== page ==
Now, he and other Atlantic City business owners are urging others to take break from reality and head to the one part of the New Jersey shore that survived the storm. In the end, it appears a little debauchery pays off.
On Saturday afternoon I got to experience the hell that is Port Authority for the first time, but I kept telling myself as I stood at a directory with absolutely no idea where to go that all of the madness was worth it: in just a few hours, I’d be in the same room as Beyoncé, who was playing the second of four shows to celebrate the opening of Revel, Atlantic City’s new resort that is attempting to bring the sophisticated debauchery of Vegas to the Jersey Shore. The four-show event was dubbed "Back to Business," and it was clear that the boss was ready for action.
First of all, my companion Maura Johnston (whose review you can read here) and I were in the seventh row in the orchestra, close enough that I am certain that not only did Beyoncé see my face but that we also made eye contact and she is aware of my existence. No, seriously. I am convinced of this. I was very, very close to the stage, as you can see in the image below:
Sure, Bey didn’t blow me a kiss or anything (as she did to Sasha and Malia Obama, who sat with friends in the front row of the VIP box just above my seat, dancing and singing along with the rest of the crowd), but I’m pretty sure I made an impression. Have you ever locked eyes with one of the most famous and talented people in the world and so clearly had a deep connection with them in the brief moment you shared before they had to go stage-right and do their signature shoulder pop and booty-shake? No? I’m so sorry to hear that!
I’m in some small town in Virginia, parking with relatives until a business meeting this afternoon. It’s all pumpkins and fake cobwebs, as here, Halloween is all about kids and tricks or treats. We left AC to go to DC, and I don’t need any wise cracks from the peanut gallery. We are exhausted from our trip to the Borgata and its whirlwind ’80s weekend. Everything was sold out, and people who read my Friday article were trying to hustle me for hookups. There are a billion reasons why Borgata sells out on these big weekends. Basically, as the only game in town, it refuses to rest on its laurels and continues to book great acts, events and DJs.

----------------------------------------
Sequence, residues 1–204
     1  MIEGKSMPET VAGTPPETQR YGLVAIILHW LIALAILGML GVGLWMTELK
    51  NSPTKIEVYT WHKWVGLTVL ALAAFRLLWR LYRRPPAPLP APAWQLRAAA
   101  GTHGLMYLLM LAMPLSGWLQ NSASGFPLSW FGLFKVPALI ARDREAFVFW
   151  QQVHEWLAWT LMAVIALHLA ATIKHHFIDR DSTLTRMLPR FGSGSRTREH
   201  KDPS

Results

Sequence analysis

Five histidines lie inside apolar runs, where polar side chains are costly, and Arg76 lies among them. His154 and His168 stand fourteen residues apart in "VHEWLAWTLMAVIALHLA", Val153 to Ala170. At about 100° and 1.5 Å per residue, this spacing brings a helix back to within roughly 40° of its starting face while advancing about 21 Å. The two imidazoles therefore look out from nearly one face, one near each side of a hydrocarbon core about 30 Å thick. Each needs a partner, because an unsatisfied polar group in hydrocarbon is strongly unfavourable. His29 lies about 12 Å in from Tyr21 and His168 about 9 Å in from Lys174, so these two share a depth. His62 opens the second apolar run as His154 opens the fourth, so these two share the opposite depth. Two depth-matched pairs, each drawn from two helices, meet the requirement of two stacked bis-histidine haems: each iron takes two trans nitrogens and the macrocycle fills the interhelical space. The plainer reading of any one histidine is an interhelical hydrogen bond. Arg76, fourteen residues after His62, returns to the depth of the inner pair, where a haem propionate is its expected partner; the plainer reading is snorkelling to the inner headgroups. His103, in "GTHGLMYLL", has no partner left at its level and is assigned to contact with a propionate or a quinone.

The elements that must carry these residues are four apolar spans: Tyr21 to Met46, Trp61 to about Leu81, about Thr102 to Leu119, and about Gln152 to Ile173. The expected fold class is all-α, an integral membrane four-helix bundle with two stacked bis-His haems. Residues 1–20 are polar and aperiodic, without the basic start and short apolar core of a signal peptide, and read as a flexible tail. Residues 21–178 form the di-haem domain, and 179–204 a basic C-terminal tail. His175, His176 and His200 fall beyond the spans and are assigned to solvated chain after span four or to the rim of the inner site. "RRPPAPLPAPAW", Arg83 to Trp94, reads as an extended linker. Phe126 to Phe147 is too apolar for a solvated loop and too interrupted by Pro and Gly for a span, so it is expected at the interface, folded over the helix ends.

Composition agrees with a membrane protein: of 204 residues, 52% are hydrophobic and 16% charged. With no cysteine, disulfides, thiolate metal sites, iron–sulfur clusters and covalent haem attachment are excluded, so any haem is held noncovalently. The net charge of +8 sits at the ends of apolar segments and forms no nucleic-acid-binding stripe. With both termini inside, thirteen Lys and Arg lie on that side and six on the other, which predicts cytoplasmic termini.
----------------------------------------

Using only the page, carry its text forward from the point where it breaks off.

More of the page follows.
We came down in a blizzard, completely obsessed with catching Duran Duran in concert. The snow and the late info that the Misfits were performing in NYC with Glen Danzig almost kept us home, but as I said, we were obsessed. We valeted the car and realized the weather was now irrelevant. There was no need to leave the sprawling Borgata complex for a couple of days. Food, entertainment, spas, pools and comfortable digs were in the cards. We ate ginormous steaks at the Old Homestead and then rushed to the show.
We weren’t expecting much from Duran Duran because we didn’t want to be disappointed. We thought it might just turn out to be a bunch of old geezers going through the motions—more Karaoke than concert. What happened was mind blowing: they were great. I had met them once back in ’88 and was impressed at the time how gentlemanly and accessible they were. They exude friendliness from the stage. They love what they are doing and the crowd sang along with every song and danced and cheered. Simon Le Bon just celebrated a birthday on October 27, which has him deep in his 50s. He was bearded and trim, and his voice was strong. He pranced and danced and engaged an audience that wanted to eat him up. Duran Duran was tight.